Ryan Phillippe Birthday (September 10th)

Ryan Phillippe Birthday (September 10th)

Ryan Phillippe, who was born September 10, 1974, in New Castle, DE, climbed from darkness to turn out to be one of the most talked-about actors of his age band, attracting at first many admirers of his good looks, and later fans of risk-taking players.

Ryan Phillippe Career

Ryan Phillippe got his first break on the ABC soap opera One Life to Live, on which he represented daytime's first gay teenager, Billy Douglas. The character, which he played from 1992 to 1993, won him both complimentary notices and increasing acknowledgment. After giving up the show to focus on his screen career, he got a small part in 1995 submarine action thriller Crimson Tide. More work -- and more boat tilting action -- followed in 1996 with Ridley Scott's White Squall, in which he was given a vital role at the side of two other up-and-coming actors, Ethan Embry and Scott Wolf. Following this mainstream, big-budget venture, Phillippe took moved for autonomous filmmaking, first with his starring role as an ill-treated trailer-park teen in Little Boy Blue (1997), and then in Gregg Araki's Nowhere (1997), as the latest of Araki's trade name ultra-horny boys.

His major screen break came with his role in the standard 1997 smash hit ‘I Know What You Did Last Summer’, in which he acted along with fellow Next-Big-Things Jennifer Love Hewitt, Freddie Prinze Jr., and Sarah Michelle Gellar. The film's triumph, coupled with his disclosure from earlier films, was adequate to push him into two leading roles in 1998, first as a blue-haired club baby in Playing by Heart, and then as a starry-eyed bartender in the gravely disemboweled 54, a film which exhibited his abs over his acting.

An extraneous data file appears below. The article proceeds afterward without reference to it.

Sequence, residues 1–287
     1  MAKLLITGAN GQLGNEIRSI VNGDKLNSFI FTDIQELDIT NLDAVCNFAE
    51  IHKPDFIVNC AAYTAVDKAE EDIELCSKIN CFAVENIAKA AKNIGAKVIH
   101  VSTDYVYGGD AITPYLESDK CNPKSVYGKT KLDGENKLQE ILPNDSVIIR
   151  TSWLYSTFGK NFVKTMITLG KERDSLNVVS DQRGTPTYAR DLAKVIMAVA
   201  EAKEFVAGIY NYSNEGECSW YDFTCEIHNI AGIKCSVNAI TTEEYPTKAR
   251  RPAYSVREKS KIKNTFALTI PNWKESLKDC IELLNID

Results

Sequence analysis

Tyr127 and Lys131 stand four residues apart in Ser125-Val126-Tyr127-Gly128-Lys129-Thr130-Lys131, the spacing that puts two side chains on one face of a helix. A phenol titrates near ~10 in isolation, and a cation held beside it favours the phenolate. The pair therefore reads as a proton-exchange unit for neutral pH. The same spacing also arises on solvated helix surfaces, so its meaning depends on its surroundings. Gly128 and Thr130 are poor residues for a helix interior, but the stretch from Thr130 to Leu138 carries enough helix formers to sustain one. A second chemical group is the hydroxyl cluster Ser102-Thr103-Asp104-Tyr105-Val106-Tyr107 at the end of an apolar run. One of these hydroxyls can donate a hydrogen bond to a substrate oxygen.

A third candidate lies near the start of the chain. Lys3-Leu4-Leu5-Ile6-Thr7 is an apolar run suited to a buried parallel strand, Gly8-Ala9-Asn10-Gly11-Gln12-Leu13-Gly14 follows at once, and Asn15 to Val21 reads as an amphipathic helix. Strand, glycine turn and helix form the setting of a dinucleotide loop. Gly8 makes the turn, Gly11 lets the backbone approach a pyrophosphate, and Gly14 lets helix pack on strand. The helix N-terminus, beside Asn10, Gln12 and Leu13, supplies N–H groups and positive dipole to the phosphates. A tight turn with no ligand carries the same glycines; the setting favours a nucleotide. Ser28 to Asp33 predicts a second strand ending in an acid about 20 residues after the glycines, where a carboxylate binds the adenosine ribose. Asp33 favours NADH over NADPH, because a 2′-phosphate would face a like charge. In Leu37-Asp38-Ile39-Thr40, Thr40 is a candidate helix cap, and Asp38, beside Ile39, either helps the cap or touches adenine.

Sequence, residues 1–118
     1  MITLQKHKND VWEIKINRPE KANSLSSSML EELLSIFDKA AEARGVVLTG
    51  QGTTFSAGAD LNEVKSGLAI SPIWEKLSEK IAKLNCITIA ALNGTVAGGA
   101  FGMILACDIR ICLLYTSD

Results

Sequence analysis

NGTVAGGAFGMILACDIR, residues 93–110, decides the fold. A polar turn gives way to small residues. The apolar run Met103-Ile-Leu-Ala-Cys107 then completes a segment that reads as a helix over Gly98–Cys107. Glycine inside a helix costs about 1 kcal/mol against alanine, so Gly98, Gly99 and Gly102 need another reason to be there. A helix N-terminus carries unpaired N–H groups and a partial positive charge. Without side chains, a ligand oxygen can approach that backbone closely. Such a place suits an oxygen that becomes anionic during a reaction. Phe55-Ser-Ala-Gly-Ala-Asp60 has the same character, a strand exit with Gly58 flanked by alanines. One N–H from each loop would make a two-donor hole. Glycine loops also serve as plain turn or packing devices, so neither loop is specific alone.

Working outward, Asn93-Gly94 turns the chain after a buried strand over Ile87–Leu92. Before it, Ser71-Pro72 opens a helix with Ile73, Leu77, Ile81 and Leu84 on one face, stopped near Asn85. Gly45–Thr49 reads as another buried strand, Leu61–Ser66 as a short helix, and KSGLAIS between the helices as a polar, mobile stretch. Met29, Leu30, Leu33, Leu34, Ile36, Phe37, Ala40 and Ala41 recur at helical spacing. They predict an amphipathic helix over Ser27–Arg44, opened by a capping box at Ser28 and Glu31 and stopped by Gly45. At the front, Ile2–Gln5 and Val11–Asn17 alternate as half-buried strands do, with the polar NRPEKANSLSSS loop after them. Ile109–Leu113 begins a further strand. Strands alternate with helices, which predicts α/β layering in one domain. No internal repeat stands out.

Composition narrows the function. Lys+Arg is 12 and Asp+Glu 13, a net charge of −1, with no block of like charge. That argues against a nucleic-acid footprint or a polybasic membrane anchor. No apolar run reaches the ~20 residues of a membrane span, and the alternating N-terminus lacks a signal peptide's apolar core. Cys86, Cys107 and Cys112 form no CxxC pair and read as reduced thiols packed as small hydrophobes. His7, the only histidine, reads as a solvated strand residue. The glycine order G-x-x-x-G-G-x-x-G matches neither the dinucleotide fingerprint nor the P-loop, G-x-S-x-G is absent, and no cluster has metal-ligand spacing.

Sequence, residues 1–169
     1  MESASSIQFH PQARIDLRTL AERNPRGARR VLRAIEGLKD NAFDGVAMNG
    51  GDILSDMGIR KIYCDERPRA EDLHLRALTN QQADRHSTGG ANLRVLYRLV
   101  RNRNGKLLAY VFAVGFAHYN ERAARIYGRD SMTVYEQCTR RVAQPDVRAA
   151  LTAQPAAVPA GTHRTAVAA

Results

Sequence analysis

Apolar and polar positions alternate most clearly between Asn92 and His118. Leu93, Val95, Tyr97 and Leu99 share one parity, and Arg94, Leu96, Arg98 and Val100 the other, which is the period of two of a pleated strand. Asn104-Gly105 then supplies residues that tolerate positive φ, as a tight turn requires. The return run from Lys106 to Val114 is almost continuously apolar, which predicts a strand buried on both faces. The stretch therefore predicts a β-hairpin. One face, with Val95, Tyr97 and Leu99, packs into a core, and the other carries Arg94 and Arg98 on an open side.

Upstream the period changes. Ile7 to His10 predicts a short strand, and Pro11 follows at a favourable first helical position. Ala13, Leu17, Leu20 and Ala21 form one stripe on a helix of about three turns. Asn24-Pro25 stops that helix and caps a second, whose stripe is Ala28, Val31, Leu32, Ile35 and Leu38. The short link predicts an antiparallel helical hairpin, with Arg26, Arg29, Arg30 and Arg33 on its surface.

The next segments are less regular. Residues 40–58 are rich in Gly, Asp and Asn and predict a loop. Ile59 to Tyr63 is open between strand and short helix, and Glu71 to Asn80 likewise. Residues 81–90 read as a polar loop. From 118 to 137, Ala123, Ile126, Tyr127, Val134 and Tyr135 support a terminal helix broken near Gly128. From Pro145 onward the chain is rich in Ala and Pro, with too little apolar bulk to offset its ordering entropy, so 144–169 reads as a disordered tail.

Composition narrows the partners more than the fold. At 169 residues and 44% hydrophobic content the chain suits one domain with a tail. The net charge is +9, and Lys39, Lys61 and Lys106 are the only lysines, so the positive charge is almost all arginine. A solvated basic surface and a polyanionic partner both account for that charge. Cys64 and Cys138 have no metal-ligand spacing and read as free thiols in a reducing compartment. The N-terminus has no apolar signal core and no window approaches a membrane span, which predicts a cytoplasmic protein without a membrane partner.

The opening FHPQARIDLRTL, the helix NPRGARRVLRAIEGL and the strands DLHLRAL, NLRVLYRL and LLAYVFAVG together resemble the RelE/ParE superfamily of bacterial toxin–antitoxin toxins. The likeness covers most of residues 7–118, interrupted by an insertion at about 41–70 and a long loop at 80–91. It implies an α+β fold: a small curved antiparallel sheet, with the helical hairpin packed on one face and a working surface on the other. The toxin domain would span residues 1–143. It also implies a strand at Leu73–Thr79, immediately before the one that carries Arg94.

Consequently staggering on the edge of all-out superstardom, he hesitated a bit with the late summer 2000 action thriller The Way of the Gun, co-starring Benicio Del Toro. Even though a few saw the film as a stylishly penned consideration on hostility, others brushed it aside as just another post-Tarantino study in surfeit, and the film paled speedily from the box-office -- with the following year's AntiTrust disperse approximately directly following its January 2001 release. But the situations turned for him in the years to come, with connection in films that time after time established dual favor with critics and audiences -- and therefore facilitated the young actor conversion from an extensive standing as a heartthrob to a standing as immeasurably talented dramatist elegance with a sequence of coveted roles. This spin began with the actor's participation in director Robert Altman's seriously worshipped mystery comedy Gosford Park. He as Henry Denton was not amongst the top-billed members of the band cast, but his work shone brilliantly at the side of such celebrities as Maggie Smith, Michael Gambon, Helen Mirren, and Kristin Scott Thomas -- no diminutive accomplishment for a relative newcomer.

The subsequent year, he drew fumes for his work in Burr Steers's sleeper hit Igby Goes Down (2002) -- a profitable and decisive darling -- as the flawed, proud older brother of the heading character. Subsequently, his screen activity turned down just a bit, but he also turns out to be more and more choosy. He star rose elevated with 2005's Best Picture winner Crash, directed by Paul Haggis.

2006 showed a fortuitous year for him. He secured a leading role in director Clint Eastwood's Flags of Our Fathers, the American half of the director's two-part presentation of the Battle of Iwo Jima as Bradley, a man who studies of his father's bravery in that divergence decades later. In that same year's Lionsgate release Five Fingers, helmed by tenderfoot Laurence Malkin, he plays the tricky role of a sparkling Dutch pianist kidnapped by terrorists and endangered with having his fingers chopped off one by one. Approximately at the same time, he signed on to play Eric O'Neill alongside Chris Cooper and Laura Linney in director Billy Ray's Breach, which the studio scheduled for a 2007 release. The picture, which is actually a docudrama, concerns real-life FBI turncoat Robert Hanssen (Cooper). Phillippe plays the "mole" allocated to catch Hanssen in the act.

Ryan Phillippe Family Life

In 1997, Ryan Phillippe met Reese Witherspoon and they got engaed in 1998. The duo had a daughter in September 1999 and a son in October 2003. During October 2006, they divorce ater a mutual descision.